There is still lingering snow on the ground. A brief respite from the cold is forecasted to end this weekend. The vernal equinox is still three weeks away. But for parents considering their kids’ summer vacations, it’s time to think ahead.
For many youngsters, summer means camp – day camp, or sports or arts camp, or traditional residential camp. Thousands of kids from Maine and afar enroll in Maine camps, and camp directors say the experience has a broad range of benefits. From reducing screen time, to sharing Maine’s natural beauty, to teaching communication and collaboration, camp offers time and activities that complement learning activities of the academic year.
Catriona Sangster is a director of Camp Wawenock, a traditional, residential girls’ camp in Raymond, and President of Maine Summer Camps, a membership organization of more than 120 Maine camps. Sangster says that in addition to promoting a variety of recreational skills, she believes in “the ability that camps have to create community that is so vital for kids.”
“One of the things everybody is noticing – whether on college campuses, or teachers in schools, and, quite frankly, our political climate right now – is that people are not learning the skills of how to collaborate, and how to talk respectfully, and work together to make a better future for everyone,” Sangster says. “I think camps are uniquely positioned, especially camps that restrict or don’t allow technology, in building these life skills.”
Being unplugged from technology creates an ongoing learning opportunity, Sangster and other camp administrators agree. (See, http://mainecamps.org/unplugged-camp-life-without-technology/
“Phones let kids escape,” Sangster says. “They don’t have to be in the moment.” Unplugging allows kids to “live intentionally in the moment with others,” she says.
Spencer Ordway, director of Camp Winona, a boys’ camp in Bridgton, agrees. Getting away from screen time promotes peer interactions, he says. “It’s just becoming more and more important.”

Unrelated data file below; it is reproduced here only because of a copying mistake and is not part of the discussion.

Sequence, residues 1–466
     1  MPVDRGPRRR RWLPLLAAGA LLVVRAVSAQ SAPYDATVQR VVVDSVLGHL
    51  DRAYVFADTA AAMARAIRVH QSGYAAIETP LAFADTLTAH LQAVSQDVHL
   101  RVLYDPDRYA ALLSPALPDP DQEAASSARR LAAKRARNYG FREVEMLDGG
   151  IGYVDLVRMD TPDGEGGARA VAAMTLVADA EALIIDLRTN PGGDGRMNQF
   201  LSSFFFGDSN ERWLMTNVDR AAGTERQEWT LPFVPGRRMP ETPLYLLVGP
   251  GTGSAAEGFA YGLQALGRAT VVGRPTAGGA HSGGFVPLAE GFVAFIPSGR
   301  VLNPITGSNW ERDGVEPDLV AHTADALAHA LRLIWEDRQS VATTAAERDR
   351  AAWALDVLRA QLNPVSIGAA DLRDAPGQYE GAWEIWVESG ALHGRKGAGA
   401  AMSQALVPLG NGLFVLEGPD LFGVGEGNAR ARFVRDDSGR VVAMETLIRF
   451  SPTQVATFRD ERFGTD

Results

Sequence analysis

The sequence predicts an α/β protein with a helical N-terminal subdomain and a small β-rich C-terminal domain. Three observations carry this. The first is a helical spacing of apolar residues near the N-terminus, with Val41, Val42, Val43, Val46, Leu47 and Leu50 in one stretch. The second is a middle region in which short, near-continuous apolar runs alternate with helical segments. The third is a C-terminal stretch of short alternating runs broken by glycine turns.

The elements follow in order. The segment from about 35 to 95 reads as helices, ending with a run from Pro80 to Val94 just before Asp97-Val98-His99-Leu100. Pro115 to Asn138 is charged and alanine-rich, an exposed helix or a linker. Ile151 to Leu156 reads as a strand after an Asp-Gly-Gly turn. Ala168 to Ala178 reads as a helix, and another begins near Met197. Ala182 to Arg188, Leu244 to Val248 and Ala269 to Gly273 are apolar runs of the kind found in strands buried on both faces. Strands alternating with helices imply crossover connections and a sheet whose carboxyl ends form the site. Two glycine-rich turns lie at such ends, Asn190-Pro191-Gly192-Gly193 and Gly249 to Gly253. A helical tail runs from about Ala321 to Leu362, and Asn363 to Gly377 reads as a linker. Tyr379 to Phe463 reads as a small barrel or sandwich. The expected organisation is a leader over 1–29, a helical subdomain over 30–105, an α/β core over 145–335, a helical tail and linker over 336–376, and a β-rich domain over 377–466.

Face-to-face conversations build communication skills that translate to the working world, Ordway says. And being unplugged means that kids don’t have the kind of “instant gratification” that social media promotes. That gratification isn’t realistic, he says. “It doesn’t happen. It isn’t a reality when working with people.”
Communication skills grow at camp not only between peers, but also peer-to-adult. Sangster says the camp environment “harkens back to old neighborhoods, where kids can learn from watching older kids.” Through day-to-day interactions with counselors, campers are exposed to positive role models, she says.
Pam Cobb, director of Camp Runoia, a girls’ camp in Belgrade Lakes, says those relationships are essential.
“I think the profound part [of camp] is providing the opportunity for children to stretch and grow in a place where they have support from other adults besides family members,” Cobb says. In such a setting, a camper can try new things without fear, and can also “reinvent herself with a new group of people.”
“The community piece is so strong,” she says.
Cobb, like Sangster and Ordway, also promotes the quality of being unplugged. Through face-to-face communication, campers are “working out differences. Celebrating differences.”
“I can’t say it happens at every camp, but it’s specific to our mission at Runoia – empowering girls and staff to live in harmony with each other and themselves.”
“It happens organically,” she says.
Day camp can provide equally significant experiences. Tom Doherty, executive director of Camp Ketcha, in Scarborough, says that by taking campers as young as age three, the day camp offers what may be a child’s first experience outside the home.
“Camp is all about learning to deal with each other,” he says. “When you’re hot and sweaty and your friend annoys you, how do you deal with that?”
Physical movement at camp is also key, Doherty says. “You can move past stuff,” he says. “If you have an interaction that didn’t go well, and then you’re on to something else compelling, you’re not perseverating.”
And while camps in Maine vary widely in terms of programming and location, many focus on getting kids outside.
“We promise our parents their kids will be tired and dirty at the end of the day,” Doherty says. “That’s a really important thing.”
“There’s the ‘nature deficit’ people talk about,” Ordway says. Learning to live in nature is a lifelong skill. Sangster agrees. Although there are certainly camps that don’t focus on outdoor living, many camps “get kids out in the natural world.”
“They get comfortable with and appreciative of all the natural world has to offer,” she says.
Spencer Ordway calls camp “an investment in a kid’s future.” And while it is a financial commitment, he says kids will “gain a community living experience, teamwork, and responsibility.” Many camps have scholarship programs, and some camps have free programming for qualifying youngsters. One resource for parents is Maine Summer Camps (www.mainecamps.org).
Camp may mean a week at a local day camp. It may mean a specialized sports or arts experience. Or it may mean a weeks-long adventure in the wilds of Maine’s woods and water. The options for kids are vast, but regardless of the particular camp a child attends, the benefits of living and playing in community with others are significant. Summer may mean vacation from school, but it can also mean the opportunity for experiences in community that create entirely different skills.